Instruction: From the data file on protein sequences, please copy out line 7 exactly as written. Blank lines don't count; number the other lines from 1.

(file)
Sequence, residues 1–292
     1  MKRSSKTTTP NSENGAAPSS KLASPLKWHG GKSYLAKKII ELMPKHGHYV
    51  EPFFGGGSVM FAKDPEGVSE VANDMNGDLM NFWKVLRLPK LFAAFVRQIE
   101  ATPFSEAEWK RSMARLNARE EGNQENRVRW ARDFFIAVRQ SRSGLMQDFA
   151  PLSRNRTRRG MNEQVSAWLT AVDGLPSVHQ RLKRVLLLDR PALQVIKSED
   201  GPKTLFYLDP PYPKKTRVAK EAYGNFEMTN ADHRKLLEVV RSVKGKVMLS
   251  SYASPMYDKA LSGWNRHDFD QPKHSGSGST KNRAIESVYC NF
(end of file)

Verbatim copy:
   251  SYASPMYDKA LSGWNRHDFD QPKHSGSGST KNRAIESVYC NF